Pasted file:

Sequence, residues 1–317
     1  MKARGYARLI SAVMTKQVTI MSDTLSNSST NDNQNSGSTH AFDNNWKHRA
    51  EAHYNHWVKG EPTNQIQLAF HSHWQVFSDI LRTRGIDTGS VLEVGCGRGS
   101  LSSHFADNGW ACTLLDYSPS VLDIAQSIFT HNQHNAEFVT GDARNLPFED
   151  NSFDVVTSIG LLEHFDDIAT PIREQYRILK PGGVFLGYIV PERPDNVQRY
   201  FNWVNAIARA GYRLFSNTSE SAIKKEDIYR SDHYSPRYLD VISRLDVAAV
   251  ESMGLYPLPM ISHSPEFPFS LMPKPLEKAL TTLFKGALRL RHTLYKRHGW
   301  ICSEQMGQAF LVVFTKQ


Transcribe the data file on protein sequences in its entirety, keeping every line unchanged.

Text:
Sequence, residues 1–317
     1  MKARGYARLI SAVMTKQVTI MSDTLSNSST NDNQNSGSTH AFDNNWKHRA
    51  EAHYNHWVKG EPTNQIQLAF HSHWQVFSDI LRTRGIDTGS VLEVGCGRGS
   101  LSSHFADNGW ACTLLDYSPS VLDIAQSIFT HNQHNAEFVT GDARNLPFED
   151  NSFDVVTSIG LLEHFDDIAT PIREQYRILK PGGVFLGYIV PERPDNVQRY
   201  FNWVNAIARA GYRLFSNTSE SAIKKEDIYR SDHYSPRYLD VISRLDVAAV
   251  ESMGLYPLPM ISHSPEFPFS LMPKPLEKAL TTLFKGALRL RHTLYKRHGW
   301  ICSEQMGQAF LVVFTKQ